PCEP supported the development of three bilingual texts from PREL’s Language & Content (L&C) Learning Across the Curriculum project, which is a multi-year effort in Chuuk funded by the Chuuk Department of Education (CDOE). The project focuses on how language plays an important role in learning across content areas to support academic success. PREL works closely with a core group of CDOE staff to build their capacity in addressing academic language and literacy learning in both the local language and English.

One output of this project is the development of locally relevant bilingual texts for kindergarten (K5) to grade 8. The texts build language and literacy skills in the local language and English, through topics important to students, their communities, and Chuuk. There are four texts in each grade, and each text focuses on a topic from one of the following themes: traditional stories/legends; environment/climate change; plants and animals; and daily island life.

Three texts in particular are co-sponsored by PCEP: Pwórausen Fáán Nááng (Weather), Ráás me Efen (Seasons), and Iráán wón Fénúweei (Plants on My Island). The former text is written at the K5 level, and the latter two at the grade 1 level. All of these three texts are written in Chuukese and English. These texts can be used to build students’ understanding on weather, climate, and the environment, which is foundational to more complex concepts related to climate change at upper grade levels.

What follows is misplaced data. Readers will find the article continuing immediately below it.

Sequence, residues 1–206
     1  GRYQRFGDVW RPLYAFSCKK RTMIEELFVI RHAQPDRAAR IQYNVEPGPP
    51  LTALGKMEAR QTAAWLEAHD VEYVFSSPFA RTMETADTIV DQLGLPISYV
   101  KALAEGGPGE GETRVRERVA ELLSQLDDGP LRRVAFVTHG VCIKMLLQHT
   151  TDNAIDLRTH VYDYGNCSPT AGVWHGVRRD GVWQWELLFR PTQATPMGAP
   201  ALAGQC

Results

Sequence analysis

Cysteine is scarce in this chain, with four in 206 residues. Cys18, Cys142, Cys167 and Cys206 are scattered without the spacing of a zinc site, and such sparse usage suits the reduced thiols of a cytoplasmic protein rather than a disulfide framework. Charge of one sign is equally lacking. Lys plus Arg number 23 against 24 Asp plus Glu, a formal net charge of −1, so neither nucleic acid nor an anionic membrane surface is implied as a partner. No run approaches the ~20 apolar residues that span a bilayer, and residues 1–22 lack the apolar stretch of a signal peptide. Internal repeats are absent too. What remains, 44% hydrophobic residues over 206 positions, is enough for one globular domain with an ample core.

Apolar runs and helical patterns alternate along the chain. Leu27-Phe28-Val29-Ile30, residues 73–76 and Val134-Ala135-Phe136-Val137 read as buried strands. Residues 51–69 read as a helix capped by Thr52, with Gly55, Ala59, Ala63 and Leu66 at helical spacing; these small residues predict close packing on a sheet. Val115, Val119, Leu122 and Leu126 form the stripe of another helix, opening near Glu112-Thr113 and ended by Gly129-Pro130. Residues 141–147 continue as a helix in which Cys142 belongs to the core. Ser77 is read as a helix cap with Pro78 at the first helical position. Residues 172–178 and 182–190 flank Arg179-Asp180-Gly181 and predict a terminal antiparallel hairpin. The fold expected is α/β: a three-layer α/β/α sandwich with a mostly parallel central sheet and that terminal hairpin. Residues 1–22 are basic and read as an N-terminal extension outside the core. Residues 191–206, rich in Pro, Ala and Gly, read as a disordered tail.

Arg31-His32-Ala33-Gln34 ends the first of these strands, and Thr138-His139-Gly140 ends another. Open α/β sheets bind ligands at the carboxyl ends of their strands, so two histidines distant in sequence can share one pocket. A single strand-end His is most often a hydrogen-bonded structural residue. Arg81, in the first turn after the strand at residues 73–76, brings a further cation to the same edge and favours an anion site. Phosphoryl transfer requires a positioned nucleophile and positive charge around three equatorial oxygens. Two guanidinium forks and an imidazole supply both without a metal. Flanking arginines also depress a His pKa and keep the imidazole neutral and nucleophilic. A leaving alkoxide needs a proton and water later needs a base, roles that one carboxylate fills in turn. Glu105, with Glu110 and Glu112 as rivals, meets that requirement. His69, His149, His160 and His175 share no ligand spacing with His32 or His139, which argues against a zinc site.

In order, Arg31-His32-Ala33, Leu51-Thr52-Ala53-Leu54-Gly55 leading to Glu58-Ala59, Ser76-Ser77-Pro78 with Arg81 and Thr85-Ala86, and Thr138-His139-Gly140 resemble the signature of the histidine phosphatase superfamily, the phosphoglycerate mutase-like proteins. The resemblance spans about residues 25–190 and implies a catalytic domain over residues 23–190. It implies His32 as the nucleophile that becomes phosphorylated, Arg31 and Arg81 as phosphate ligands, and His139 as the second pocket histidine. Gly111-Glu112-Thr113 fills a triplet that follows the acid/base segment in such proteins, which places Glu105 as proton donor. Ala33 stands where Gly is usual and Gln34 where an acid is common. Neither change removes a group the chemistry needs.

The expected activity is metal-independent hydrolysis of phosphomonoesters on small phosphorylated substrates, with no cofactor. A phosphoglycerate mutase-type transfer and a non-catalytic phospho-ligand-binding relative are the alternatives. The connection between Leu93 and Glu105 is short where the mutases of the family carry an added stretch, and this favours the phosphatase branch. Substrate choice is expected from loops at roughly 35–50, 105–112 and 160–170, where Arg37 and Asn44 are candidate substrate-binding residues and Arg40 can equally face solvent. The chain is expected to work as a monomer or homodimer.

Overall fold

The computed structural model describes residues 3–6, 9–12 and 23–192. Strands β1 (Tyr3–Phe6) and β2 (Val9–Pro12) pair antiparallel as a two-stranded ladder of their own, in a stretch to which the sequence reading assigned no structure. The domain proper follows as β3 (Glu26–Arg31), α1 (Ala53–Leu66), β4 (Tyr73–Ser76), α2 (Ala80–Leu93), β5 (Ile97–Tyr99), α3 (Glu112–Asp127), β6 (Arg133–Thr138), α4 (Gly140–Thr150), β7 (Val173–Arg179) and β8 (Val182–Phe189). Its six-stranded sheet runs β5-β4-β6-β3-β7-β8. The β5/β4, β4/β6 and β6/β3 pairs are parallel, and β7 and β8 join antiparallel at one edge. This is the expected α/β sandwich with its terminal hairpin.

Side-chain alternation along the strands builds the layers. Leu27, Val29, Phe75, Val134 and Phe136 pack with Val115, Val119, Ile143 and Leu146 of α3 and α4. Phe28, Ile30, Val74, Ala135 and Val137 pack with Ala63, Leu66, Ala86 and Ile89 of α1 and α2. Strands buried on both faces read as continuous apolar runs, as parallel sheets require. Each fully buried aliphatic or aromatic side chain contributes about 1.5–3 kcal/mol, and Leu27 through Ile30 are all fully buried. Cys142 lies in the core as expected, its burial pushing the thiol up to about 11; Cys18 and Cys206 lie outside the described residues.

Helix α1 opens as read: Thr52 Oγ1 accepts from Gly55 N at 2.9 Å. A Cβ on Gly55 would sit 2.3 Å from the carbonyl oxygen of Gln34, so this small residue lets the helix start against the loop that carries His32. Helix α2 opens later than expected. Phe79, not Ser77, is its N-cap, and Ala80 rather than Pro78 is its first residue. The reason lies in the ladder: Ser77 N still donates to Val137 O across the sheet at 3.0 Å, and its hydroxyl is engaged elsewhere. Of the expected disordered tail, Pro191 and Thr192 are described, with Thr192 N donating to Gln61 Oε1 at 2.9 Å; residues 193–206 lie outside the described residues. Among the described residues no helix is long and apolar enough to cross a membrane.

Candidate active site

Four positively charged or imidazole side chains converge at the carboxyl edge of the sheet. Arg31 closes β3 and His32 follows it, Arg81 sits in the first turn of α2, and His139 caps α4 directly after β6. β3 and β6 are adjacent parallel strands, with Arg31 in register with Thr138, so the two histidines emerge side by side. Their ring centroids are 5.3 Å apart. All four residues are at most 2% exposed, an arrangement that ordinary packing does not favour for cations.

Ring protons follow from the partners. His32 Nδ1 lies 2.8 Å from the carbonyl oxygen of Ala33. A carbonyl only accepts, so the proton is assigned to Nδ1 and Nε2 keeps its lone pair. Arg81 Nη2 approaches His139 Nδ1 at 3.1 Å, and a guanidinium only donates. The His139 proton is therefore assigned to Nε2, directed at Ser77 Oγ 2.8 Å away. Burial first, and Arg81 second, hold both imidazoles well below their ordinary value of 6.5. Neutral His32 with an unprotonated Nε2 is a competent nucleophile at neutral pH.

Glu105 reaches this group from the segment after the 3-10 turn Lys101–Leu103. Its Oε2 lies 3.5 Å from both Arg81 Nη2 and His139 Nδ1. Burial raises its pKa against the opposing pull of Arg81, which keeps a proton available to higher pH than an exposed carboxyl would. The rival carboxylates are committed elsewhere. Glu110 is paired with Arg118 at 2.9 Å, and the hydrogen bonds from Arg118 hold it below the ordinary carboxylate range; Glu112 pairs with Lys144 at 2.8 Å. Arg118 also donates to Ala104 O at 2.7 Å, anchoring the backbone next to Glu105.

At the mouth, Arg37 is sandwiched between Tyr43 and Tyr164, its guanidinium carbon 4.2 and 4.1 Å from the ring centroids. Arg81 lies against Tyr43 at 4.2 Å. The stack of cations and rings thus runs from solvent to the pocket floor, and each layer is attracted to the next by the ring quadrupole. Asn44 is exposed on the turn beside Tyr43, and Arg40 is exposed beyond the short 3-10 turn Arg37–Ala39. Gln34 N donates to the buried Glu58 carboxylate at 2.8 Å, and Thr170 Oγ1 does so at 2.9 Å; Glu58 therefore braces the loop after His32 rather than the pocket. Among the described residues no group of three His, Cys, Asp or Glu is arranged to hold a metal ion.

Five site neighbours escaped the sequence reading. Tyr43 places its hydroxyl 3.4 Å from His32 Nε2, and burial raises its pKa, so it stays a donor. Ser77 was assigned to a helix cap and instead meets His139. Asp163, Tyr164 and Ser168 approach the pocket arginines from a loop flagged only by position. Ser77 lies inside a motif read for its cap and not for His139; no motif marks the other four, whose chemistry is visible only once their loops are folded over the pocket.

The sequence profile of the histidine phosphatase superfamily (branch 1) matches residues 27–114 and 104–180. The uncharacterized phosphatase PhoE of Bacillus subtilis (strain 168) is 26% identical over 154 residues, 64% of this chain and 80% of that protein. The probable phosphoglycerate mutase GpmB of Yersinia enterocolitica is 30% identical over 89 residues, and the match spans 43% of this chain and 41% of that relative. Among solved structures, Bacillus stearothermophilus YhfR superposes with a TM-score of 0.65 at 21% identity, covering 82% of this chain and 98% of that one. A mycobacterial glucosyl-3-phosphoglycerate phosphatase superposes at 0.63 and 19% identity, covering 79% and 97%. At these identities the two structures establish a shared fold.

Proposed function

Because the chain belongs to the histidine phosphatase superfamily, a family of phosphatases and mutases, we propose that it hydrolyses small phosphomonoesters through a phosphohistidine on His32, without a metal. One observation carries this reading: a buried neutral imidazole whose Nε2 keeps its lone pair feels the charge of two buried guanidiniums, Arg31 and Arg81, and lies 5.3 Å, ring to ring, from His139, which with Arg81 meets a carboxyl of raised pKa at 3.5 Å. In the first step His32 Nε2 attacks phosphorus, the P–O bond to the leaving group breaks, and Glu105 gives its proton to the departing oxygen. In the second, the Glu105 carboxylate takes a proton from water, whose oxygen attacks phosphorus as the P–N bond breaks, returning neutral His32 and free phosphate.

For example, Pwórausen Fáán Nááng (Weather) gives K5 students the tools to talk about weather now, to make observations in the past, and to predict for the future. Such tools include formulaic sentences that are emphasized through repetition in the text, such as Ifa pwórausen fáán nááng ikánáái? (How’s the weather today?) By developing K5 students’ skills in observing and comparing weather at relatively short scales (i.e., immediate past and future), this provides a foundation for understanding climate patterns and change at much longer scales (i.e., 30 years).

Each text is conceptualized and written by CDOE staff, with technical assistance from PREL on brainstorming, writing, and reviewing; local knowledge from community members to enhance the content; and technical assistance from Island Research & Education Initiative on reviewing, layout/illustration, and printing logistics. The first round of development and publishing has produced seven books and two posters. PCEP staff provided additional resources to support content enhancement, review, and illustration for the three aforementioned texts.